A man holds money. FATF is increasingly paying attention to crowdfunding and the use of virtual assets for terrorism financing.  PHOTO/MICHAEL KAKUMIRIZI


Money laundering, terrorism financing fight not over

What you need to know:

On March 14, Uganda successfully exited the grey list along with three other jurisdictions.

The Financial Action Task Force (FATF), in its biannual plenary that sat in Paris from 21 to 23 February 2024, removed Uganda from the FATF Grey list. Uganda had been on this list since 2020. The FATF grey list, also known as “Jurisdictions under increased monitoring,” is a list of countries that are considered to have strategic deficiencies in their systems for fighting Money Laundering (ML), Terrorism Financing (TF), and Proliferation Financing (PF).

The FATF grey list is published to assist member countries financially dealing with grey-listed countries to do so carefully by taking into consideration the published information in their risk analysis. It is also to highlight that those countries have made a political commitment to address their deficiencies within a time frame agreed on with FATF. 

FATF does not call for enhanced due diligence and application of sanctions (countermeasures) on grey-listed countries. However, the countermeasures are inevitable given that FAFT emphasises use of a risk-based approach. Therefore, countries tend to take actions they deem necessary for protecting their financial systems against risks emanating from grey-listed countries. 

After a commendable effort by various stakeholders, Uganda successfully exited the grey list along with three other jurisdictions that is, United Arab Emirates (UAE), Barbados and Gibraltar. The exit from the FATF grey list also prompted the European Commission to delete Uganda from the Anti Money Laundering (AML) blacklist on March 14, 2024.

On the other hand, Kenya and Namibia were the unlucky additions, bringing the FATF grey list to 21 jurisdictions. Kenya had initially been placed on this list in 2011 for three years until 2014 when they satisfactorily addressed the FATF recommendations, only to be put back on the list just ten years later. Quite painful, but it sends a message and some lessons for us to unpack.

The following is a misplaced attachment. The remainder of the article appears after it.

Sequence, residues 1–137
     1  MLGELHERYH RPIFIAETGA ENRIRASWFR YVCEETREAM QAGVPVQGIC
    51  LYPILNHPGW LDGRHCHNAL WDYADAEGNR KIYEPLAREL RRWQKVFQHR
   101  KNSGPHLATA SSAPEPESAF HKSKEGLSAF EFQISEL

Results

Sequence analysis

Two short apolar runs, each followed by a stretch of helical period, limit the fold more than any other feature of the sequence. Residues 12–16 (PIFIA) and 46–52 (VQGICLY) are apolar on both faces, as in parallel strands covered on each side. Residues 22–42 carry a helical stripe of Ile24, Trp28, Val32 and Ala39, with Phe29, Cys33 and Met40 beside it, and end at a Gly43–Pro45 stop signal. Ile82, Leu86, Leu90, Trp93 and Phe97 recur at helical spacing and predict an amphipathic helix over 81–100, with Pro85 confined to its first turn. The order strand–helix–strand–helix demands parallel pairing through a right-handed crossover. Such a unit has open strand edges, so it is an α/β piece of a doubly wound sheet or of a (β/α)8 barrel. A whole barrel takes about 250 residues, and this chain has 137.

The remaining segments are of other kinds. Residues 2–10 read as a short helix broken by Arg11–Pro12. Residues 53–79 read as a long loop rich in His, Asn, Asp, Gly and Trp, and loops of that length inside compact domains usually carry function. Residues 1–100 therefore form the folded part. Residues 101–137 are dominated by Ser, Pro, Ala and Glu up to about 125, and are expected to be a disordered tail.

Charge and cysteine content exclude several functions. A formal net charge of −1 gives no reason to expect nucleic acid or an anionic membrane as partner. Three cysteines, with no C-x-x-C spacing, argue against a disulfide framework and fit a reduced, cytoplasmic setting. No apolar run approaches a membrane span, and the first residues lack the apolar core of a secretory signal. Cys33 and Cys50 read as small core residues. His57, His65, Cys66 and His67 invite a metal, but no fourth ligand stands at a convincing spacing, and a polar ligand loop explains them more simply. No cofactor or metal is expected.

On average, it takes grey-listed countries four years to exit the grey list. The time varies, depending on political commitment and the number of recommendations to be worked on. For example,  Mauritius has in the past managed to get FATF clearance in a shorter time (two years). Even then, the consequences of being on the list are undeniable. 

A 2021 study conducted by the International Monetary Fund found that on average, countries grey-listed experienced reduced capital inflows resulting in 7.6 percent decline in the Gross Domestic Product . This is a consequence of reputational damage, increased transaction costs, longer times required to process transactions occasioned by enhanced checks, among others, thereby discouraging foreign direct investment. 

While removal from the grey list is cause for celebration, we need to keep in mind that it is not the end of the fight against money laundering, terrorism financing, and proliferation financing. While Uganda will no longer be under the FATF microscope, it is important to appreciate that we still have ML, TF, and PF risks. We are in a region that continues to face threats of terrorism, and terrorist activities do not happen without financing. Additionally, we face risks of financial flows from illicit mining and neighbouring countries, which are all grey-listed except Rwanda. We also still grapple with high levels of corruption whose proceeds are laundered into or out of the economy. Therefore, our financial system will continue to be under ML, TF, and PF threats which we must continue to assess and decisively address. 
ML, TF, and PF risks evolve, and new forms of risk are emerging. Any changes in the country’s risk profile will certainly attract the attention of FATF and FATF-style regional bodies that are responsible for mutual evaluation and assessments that precede the decision on whether a country should be grey listed. 

FATF is paying attention to crowdfunding and the use of virtual assets for terrorism financing, illicit financial flows from cyber-enabled fraud, and misuse of citizenship and residency by investment programmes, among others. Some of these issues are not alien to Uganda. For example, virtual assets are currently outside the regulated financial services without being prohibited in the market and hence can be exploited to facilitate ML, TF, and PF activities. Therefore, we must continue making timely assessments of potential new risks.  

Davis Tushabomwe is a senior associate, advisory at PwC Uganda.